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4. Begin heating a decent sized pot. It’s going to hold all of your masala, so make sure it’s not a small pot. I’d say a medium to large one. In the warm pot, add 2 tablespoons ghee (or whatever oil you’ve chosen). I like to use ghee…it makes it feel more authentic, though I can’t honestly say it is any different from butter. Coconut oil adds a little bit of flavor. In my estimation, if you are going to use coconut oil, this is the type of dish to use it in, the flavor lends itself well to curries. Sprinkle in some salt too…this is a great time to incorporate some salty goodness. Now toss in the ground spice. If this is the first time the spice has touched a pan, aka if you bought it pre-ground, I recommend putting it in first, before the oil and salt and letting it warm and “toast” briefly before adding the other stuff. It’s all about releasing the aroma and flavor!20160816_150731.jpg

5. Once the ghee has melted (it happens fast) toss in the onions, garlic and ginger. Stir well on high heat, then lower to a simmer.20160816_150813.jpg

Now make a cup of tea (preferably a spiced chai) and hold your horses while you wait for the onions to cook down. You want them to be transparent. Don’t rush this stage. If you don’t let the onions caramelize you are wasting some great natural sweetness. This could take at least 10 minutes. Breathe.20160816_151043.jpg

6. As you wait, or in your own good time, gather together the following spices, all approximately a tablespoon …except for the cayenne: that is “to taste”. (I have some incredible Birds Eye Pepper cayenne that is HOT. I used only a quarter teaspoon): Black pepper (preferably freshly ground), turmeric (this is a root, so I buy it in powder form), garam masala ( also a proprietary blend of spices, so comes in powder form) and cayenne.20160816_151555.jpg

Go ahead and add those spices to the pot. Stir well to incorporate.20160816_151623.jpg

By now the whole thing should be thickening up and gluing itself together. You will also start to worry that it’s drying out and about to burn. If the onions are still not transparent, then add a bit of water, just enough to keep it from burning. Do this periodically until those onions are soft. Then cook until dry and about to burn. Now’s the time to…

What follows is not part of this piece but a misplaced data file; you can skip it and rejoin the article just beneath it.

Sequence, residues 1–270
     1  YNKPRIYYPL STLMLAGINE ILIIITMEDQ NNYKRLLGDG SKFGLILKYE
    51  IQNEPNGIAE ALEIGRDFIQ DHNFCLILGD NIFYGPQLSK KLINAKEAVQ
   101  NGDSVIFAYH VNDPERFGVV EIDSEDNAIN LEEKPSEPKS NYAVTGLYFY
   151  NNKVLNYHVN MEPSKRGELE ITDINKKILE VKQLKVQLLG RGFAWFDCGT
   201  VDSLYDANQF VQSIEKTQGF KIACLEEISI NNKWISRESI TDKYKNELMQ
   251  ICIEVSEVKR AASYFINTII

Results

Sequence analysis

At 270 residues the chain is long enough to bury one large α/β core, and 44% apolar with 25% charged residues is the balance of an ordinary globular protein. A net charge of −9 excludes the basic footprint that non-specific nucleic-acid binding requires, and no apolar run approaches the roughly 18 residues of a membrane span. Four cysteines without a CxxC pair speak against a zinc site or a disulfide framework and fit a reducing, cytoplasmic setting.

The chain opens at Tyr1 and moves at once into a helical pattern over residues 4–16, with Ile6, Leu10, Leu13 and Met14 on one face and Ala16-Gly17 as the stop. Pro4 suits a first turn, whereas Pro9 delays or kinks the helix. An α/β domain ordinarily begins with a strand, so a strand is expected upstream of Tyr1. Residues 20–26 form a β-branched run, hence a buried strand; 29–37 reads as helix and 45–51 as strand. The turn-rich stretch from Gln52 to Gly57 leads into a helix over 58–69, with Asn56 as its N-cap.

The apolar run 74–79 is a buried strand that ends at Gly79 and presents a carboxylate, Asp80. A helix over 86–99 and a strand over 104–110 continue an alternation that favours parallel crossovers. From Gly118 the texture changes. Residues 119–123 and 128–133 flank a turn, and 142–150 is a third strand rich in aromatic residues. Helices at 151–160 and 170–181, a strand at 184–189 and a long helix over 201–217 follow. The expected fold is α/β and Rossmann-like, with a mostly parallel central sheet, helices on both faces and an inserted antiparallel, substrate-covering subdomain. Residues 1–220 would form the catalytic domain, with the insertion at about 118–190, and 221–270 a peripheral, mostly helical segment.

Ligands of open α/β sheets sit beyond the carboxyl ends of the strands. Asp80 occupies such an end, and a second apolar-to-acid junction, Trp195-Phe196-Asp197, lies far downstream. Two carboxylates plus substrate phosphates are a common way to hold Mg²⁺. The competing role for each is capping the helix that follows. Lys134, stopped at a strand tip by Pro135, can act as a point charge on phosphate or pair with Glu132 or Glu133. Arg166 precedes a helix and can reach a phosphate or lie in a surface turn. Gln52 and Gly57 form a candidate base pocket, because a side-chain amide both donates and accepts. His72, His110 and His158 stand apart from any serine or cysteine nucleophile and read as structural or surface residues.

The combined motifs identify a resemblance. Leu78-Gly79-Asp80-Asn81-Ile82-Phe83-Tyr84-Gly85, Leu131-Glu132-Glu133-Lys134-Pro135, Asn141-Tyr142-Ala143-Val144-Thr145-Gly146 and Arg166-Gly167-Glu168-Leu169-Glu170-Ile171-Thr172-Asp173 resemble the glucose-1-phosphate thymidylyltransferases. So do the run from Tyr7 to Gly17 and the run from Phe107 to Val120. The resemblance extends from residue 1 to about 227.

7. throw in the diced tomatoes. Fresh is best but I did not have any, so canned it was (if you really want to go the health nut way, you only use fresh, because there’s good research that shows that canned tomatoes are pretty bad for you – the acid in them leeches the plastic lining out. Yes, even if it’s BPA free lining, it’s still a synthetic lining of some kind. But if, like me, you’ve obsessed, stressed and ultimately surrendered to theses realities, you will weigh the good against the bad and just go ahead and use it anyway…if sparingly).20160816_151655.jpg

Stir. Now watch as that tomato and its juices helps to de-glaze the pan. Now you’re lookin’ at an almost finished masala paste. You just need to cook that down for a bit. I’d say roughly 15 minutes of simmering with the lid off.

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8. When you’ve cooked it down a decent amount (it should look like a thick tomato sauce) turn of the heat and let cool.

9. If you are anxious like me, sometimes, or in a time bind, you’re gonna want to blend that up right away. I advise not to. Do you like being burned by scalding hot masala paste? I didn’t think so. Hopefully, you’ve waited at least 20 minutes. Now, go ahead and blend that masala smooth using your immersion blender or whatever other fancy tool you might have for doing this. You can now use this masala paste to immediately make a massive vat of curry. Or, like me, you might choose to divide it and sock some away in the freezer for a future meal. This is how I divided mine:

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2/3 in a jar to be used the next day on a curry for four adults and two kids. The last third in a ziplock to be frozen. It will expand to make enough curry for my family of 4.

That’s it. That’s all. I hope you could follow that relatively well. Just in case not, I have handily combined the instructions without the pics and needless commentary below!

Cooking Instructions:

1 With pan on medium heat toss on a tablespoon of each of the following: cumen seeds, coriander seeds, inner cardamom seeds*, mustard seeds, fennugreek seeds and roughly twenty cloves.  Toast them in the pan. Toast until fragrant (roughly 30 seconds) If they start to smoke, you’re done! Take the pan off the heat. 

2. Grind the toasted seeds and set aside.

3. Chop the garlic, ginger and onions roughly and set aside in either separate or a single bowl.

4. Begin heating a large pot. In the warm pot, add 2 tablespoons ghee (or whatever oil you’ve chosen). Add a teaspoon of salt. Add in the ground spices. Stir.

5. Toss in the onions, garlic and ginger. Stir well on high heat, then lower to a simmer.

6. Gather together a teaspoon each of the following spices ( cayenne to taste): black pepper, turmeric, garam masala, cayenne. Add to pot and stir well to incorporate.